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Babcock & Brown is dying as it lived: beyond its means. Few institutions embodied the “buy now, pay later” ethos quite like the Australian fund manager. For years it bought ports, property and power stations on credit, spun them off into heavily leveraged satellite funds, then booked big advisory and development fees, hoping that the assets would keep rising.

As debt markets dried up last autumn, so did its reasons for existing. Babcock tripped bank covenants on New Year’s eve; a week later it warned that its A$2.6bn in net assets would be wiped out by impairments. Subordinated debtholders in New Zealand, offered one-tenth of one cent in the dollar, would rather take the slim chance of recovering more through an administration. Deloitte, the corporate undertaker,took controlon Friday.

Babcock, founded in 1977, was forever in thrall to its lenders. While liquidity was free and easy, few seemed to care: total assets under management increased seven-fold between 2004 and 2007. But as the crunch became a crisis and the funds began to sag, the rate at which Babcock could offload these assets slowed. In April last year a presentation reconfirmed a full-year net profit forecast at least 15 per cent better than 2007. Only in the penultimate slide did investors see a long list of caveats on the wretched state of the markets.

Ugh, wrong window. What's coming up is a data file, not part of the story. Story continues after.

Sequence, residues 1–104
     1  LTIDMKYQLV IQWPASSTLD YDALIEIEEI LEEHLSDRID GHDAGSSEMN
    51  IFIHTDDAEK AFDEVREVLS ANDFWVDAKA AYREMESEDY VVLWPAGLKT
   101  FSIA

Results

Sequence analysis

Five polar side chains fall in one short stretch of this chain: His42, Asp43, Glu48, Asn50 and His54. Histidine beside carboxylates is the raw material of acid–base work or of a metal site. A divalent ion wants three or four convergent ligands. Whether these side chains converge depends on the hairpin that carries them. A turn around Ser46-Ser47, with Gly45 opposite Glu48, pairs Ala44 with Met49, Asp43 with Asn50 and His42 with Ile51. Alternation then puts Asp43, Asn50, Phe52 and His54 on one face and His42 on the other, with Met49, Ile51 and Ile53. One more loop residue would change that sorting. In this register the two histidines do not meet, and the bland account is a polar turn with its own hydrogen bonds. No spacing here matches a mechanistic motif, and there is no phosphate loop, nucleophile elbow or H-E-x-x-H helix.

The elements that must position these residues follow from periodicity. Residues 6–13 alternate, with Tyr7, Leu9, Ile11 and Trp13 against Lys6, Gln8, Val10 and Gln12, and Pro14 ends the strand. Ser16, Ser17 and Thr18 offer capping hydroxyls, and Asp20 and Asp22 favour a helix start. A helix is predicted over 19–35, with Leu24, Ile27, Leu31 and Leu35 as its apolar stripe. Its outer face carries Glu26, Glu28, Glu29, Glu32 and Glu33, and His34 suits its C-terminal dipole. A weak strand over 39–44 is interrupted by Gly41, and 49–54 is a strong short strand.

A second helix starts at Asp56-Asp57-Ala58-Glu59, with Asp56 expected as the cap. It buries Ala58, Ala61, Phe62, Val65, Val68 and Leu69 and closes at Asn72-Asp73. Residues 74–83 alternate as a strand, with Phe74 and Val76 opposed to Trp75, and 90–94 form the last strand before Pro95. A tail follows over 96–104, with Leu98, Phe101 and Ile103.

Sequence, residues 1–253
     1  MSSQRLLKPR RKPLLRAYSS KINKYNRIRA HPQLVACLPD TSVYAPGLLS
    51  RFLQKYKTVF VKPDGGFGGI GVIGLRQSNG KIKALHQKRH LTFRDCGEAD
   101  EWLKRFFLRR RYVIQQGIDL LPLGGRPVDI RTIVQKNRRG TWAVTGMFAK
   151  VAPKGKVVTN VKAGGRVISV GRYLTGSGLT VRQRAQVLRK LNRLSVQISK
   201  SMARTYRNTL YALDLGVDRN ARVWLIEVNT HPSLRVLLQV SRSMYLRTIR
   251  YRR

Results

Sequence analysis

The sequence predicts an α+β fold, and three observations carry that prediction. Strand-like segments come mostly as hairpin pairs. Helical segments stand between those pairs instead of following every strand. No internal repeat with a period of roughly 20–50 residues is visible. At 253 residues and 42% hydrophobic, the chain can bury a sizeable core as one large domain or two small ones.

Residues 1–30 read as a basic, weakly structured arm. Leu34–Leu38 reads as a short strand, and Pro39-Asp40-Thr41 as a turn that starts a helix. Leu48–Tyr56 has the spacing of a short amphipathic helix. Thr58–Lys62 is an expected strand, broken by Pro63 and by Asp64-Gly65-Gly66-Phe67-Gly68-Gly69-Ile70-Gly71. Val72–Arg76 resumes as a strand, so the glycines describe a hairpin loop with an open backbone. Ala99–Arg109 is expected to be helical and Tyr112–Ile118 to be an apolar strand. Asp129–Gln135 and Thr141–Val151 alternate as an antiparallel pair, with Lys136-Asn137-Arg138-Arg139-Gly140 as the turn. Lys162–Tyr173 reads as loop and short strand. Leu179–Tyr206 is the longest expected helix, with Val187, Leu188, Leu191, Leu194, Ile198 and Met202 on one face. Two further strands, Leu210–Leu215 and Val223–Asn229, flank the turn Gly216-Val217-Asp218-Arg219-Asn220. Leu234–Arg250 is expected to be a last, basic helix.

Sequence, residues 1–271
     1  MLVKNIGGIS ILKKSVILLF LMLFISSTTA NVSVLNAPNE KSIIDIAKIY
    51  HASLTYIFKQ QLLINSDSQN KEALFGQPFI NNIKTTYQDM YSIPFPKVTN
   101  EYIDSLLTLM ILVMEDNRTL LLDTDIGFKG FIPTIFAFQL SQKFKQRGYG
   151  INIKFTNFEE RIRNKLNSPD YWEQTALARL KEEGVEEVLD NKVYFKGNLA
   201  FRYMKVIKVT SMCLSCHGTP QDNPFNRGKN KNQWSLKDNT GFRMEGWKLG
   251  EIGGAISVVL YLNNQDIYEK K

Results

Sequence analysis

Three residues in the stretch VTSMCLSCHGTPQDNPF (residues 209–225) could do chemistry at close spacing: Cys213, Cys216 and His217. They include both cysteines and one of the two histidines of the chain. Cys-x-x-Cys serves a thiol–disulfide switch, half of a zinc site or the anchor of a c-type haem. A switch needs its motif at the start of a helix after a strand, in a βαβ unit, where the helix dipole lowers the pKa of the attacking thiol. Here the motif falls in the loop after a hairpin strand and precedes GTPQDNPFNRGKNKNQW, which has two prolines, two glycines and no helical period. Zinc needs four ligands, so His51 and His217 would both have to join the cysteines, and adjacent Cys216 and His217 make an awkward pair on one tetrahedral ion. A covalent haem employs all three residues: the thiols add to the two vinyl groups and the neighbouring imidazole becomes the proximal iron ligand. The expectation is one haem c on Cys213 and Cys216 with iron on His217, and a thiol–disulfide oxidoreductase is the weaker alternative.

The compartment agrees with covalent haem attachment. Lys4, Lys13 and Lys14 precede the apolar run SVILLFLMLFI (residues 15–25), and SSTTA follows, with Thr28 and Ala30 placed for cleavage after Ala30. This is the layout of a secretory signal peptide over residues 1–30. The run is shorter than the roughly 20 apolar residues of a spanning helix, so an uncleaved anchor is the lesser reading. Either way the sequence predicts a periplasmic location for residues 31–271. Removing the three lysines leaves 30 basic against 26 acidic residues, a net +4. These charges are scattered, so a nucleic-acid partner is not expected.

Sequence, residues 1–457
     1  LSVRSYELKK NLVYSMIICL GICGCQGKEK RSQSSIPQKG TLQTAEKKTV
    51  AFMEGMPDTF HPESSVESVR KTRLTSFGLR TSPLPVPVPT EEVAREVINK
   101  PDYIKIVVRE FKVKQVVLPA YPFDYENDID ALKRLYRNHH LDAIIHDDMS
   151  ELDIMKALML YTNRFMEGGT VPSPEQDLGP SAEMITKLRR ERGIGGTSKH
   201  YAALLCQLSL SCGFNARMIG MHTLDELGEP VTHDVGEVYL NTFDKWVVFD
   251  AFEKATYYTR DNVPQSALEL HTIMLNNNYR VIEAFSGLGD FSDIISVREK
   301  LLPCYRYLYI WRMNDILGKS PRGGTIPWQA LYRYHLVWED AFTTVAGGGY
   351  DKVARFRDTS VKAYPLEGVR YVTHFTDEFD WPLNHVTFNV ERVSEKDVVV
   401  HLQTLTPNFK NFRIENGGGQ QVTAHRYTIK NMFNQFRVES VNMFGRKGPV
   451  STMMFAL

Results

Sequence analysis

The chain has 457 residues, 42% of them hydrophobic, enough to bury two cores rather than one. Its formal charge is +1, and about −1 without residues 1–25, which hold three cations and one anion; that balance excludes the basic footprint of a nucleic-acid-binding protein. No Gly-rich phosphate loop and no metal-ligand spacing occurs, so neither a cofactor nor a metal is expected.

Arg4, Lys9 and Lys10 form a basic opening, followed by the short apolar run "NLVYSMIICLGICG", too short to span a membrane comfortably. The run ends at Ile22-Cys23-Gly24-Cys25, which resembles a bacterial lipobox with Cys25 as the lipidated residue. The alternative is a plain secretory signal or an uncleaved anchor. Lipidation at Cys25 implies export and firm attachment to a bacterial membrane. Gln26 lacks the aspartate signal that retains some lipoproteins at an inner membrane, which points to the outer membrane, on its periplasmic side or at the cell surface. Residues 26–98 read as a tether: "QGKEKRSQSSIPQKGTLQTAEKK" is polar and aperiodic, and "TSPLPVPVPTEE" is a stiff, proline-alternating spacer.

This mascot of the bubble may also become a symbol of the aftermath. Many of the 25 banks in its syndicate of lead lenders have written down some A$3.9bn of Babcock loans to zero. While they were happy to pile in together when the going was good, they are now in opposition, fighting very hard for scraps. More messy workouts like this await. Meantime, what is left of Babcock – starved of funds to improve any of its assets – will leave a legacy in every unloved port or rusting pipeline. Si monumentum requiris, circumspice.

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